PAHS is a heating/cooling system, independent of architecture or building material though they both need attention to be certain annual heat storage will actually occur. Summers, the house dumps excess heat into the dirt mass, warming it while cooling the house. The mass is highest temperature just when the house starts to cool down in late fall. By early spring, the mass is coolest, just in time for summer cooling.

Takes a lot of mass, but it's stupid simple. No maintenance, no pumps or moving parts, no repairs, no energy to buy. We don't even bother with window coverings (no neighbors).

Cost, if the commercial materials I chose are used, is usually considerably below traditional stick-built. I built one for a client down the road. He needed a mortgage, the appraisal came in 50% higher than it cost to build: instant equity! Which was a direct comparison to stick-built here.

Which is why he's putting up with an unbelievable 80 mile each way commute. He says the job isn't forever, the house is. His previous house was a lovely post&beam SIPs place that he would never again settle for. Current owners think it's great.

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ShadetreeRet

06-11-2014 19:12:03
184.4.13.135



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 Re: High electric bills in reply to VaTom, 06-11-2014 11:04:01  
Thanks for the information. I have long been interested in underground or earth berm type housing, and should I ever find myself able, I intend to find out what it's like personally.



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VaTom

06-11-2014 19:39:12
70.32.193.64



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 Re: High electric bills in reply to ShadetreeRet, 06-11-2014 19:12:03  
Thanks for the interest. You could do a lot worse. Not that this is the only way to get a good house, but it's a very inexpensive one.

This evening we had a tornado watch. Some mid-westerners are interested in a house that won't blow away, as much as being so easy to heat and cool. In the west, it's fire danger that makes some interested in a house that won't burn.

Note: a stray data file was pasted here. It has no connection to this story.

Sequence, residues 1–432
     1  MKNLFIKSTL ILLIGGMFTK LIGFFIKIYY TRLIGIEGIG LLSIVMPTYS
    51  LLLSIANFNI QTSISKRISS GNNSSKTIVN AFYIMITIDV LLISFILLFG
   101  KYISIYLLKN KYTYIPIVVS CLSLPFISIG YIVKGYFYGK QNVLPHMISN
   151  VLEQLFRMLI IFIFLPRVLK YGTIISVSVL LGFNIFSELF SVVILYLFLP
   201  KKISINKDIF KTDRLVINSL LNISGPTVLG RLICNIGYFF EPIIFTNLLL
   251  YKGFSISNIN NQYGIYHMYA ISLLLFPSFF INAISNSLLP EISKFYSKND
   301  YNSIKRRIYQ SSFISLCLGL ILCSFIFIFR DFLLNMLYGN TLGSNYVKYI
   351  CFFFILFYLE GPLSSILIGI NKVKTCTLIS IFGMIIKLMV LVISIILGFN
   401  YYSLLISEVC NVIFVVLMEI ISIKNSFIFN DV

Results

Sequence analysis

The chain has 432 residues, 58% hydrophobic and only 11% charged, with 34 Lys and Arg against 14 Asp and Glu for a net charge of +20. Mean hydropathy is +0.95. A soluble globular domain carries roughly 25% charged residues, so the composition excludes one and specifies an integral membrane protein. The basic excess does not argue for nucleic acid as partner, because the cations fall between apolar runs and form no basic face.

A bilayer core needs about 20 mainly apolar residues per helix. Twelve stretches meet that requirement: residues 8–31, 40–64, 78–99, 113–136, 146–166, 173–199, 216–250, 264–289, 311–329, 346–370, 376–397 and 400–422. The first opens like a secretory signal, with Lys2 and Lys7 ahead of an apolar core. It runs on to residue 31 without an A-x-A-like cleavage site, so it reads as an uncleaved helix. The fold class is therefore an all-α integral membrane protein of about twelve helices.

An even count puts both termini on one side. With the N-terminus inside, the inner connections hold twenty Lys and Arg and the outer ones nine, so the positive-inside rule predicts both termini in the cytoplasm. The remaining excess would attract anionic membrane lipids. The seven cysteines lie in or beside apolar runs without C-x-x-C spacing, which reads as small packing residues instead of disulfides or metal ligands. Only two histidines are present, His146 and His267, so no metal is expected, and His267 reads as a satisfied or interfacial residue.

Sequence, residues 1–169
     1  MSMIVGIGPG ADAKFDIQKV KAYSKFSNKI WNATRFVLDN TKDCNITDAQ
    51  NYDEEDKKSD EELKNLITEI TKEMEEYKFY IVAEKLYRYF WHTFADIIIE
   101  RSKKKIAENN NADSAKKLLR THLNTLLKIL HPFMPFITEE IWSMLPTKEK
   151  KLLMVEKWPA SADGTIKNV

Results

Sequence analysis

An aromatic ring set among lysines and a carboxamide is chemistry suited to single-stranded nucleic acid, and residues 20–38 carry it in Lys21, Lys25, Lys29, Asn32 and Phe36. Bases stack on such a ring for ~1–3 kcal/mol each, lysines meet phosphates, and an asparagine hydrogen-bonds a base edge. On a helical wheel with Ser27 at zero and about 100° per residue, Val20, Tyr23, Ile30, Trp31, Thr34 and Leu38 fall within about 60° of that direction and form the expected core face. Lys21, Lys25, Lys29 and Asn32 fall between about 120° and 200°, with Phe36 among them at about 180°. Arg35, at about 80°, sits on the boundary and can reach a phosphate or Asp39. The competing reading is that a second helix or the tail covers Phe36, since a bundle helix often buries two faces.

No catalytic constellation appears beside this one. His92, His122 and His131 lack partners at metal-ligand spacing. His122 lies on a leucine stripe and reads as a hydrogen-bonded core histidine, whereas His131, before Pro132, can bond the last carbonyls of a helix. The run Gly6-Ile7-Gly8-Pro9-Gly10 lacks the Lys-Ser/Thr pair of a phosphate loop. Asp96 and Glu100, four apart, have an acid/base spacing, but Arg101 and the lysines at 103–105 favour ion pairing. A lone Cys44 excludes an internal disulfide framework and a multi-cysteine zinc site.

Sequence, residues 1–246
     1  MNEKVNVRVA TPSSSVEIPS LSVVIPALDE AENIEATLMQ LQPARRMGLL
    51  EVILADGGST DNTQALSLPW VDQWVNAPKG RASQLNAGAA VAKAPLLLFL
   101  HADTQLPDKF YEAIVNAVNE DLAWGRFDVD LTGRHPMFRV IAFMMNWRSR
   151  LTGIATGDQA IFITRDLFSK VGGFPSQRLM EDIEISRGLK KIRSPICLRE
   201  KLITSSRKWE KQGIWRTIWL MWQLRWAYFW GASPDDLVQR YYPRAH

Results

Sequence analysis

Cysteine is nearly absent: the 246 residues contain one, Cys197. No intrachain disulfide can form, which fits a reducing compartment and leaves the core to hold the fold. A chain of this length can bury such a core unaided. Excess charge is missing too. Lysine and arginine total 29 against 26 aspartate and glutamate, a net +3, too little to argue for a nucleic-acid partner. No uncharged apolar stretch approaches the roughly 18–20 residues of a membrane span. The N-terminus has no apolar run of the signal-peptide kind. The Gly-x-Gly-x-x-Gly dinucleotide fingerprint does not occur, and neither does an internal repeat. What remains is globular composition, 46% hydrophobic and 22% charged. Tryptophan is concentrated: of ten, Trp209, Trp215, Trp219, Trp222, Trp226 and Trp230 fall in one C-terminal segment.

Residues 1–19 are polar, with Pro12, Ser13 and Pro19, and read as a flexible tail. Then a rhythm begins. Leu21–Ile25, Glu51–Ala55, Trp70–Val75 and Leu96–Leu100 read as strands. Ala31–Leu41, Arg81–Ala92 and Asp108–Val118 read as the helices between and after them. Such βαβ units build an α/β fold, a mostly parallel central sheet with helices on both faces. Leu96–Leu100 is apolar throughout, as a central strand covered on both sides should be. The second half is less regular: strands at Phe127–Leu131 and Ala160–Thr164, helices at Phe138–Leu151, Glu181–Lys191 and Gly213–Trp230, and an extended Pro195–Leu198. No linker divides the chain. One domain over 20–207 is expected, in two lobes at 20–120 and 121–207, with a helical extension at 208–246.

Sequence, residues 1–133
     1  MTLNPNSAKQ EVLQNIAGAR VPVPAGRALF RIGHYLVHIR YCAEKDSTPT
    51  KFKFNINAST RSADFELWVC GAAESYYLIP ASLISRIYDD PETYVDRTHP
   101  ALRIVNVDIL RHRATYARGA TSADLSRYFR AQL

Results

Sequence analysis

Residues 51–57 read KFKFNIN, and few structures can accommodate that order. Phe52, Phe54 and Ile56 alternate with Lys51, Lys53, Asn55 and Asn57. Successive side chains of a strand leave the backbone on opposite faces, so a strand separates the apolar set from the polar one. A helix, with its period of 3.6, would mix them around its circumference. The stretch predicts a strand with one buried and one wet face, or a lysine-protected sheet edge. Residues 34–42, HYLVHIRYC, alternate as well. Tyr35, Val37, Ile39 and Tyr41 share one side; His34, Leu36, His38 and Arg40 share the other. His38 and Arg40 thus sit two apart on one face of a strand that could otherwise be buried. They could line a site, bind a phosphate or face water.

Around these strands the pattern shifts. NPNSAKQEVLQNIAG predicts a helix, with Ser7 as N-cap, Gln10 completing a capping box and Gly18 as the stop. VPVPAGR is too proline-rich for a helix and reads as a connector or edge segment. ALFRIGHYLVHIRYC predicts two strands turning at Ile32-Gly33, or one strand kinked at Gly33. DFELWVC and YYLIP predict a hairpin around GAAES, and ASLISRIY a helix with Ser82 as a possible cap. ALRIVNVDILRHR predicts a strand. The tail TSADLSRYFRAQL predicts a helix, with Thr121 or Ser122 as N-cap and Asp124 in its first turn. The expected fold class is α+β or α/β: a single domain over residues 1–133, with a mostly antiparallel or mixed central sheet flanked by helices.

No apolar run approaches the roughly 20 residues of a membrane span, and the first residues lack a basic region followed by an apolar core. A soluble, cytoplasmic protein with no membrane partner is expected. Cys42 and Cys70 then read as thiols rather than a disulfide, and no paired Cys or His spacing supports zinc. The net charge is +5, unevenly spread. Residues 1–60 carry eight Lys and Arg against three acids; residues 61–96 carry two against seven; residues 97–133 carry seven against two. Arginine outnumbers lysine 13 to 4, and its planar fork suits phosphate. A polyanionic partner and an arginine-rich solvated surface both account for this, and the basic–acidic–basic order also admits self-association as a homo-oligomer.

Dirt: good stuff, and cheap. I grow veggies on my roof.

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Tx Jim

06-11-2014 10:12:19
69.35.160.188



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 Re: High electric bills in reply to VaTom, 06-11-2014 09:30:23  
My current electric bill is $75.97 or .11122 cents per KWH



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prawn farmer

06-11-2014 09:01:12
69.160.179.223



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 Re: High electric bills in reply to hughb, 06-11-2014 07:43:58  
Our co-op charges $30 per month basic fee plus .14 per KWH for the first thousand.



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cjackman

06-11-2014 12:58:49
70.208.199.2



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 Re: High electric bills in reply to prawn farmer, 06-11-2014 09:01:12  
I am on a co-op also. My bills rarely break $120,I"m not much of a conserver either always have something left on that I forget to turn off!



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bwillett

06-11-2014 15:57:56
50.102.60.24



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 Re: High electric bills in reply to cjackman, 06-11-2014 12:58:49  
My latest bill breaks down like this
Availability charge: 39.50
Local distribution: 10.36
Generation and Transmission(.07849): 29.04
Capital Credit Refund(once a year): -31.98

Total current charges: 46.92

My Co-op buys it's power from one of the the most state of the art Coal fired Power generation plants in the USA, and in order to meet the EPA's newest boondoggle requirements, it will cost close to $20million.
Thanks to the Green Weenies. (NOT)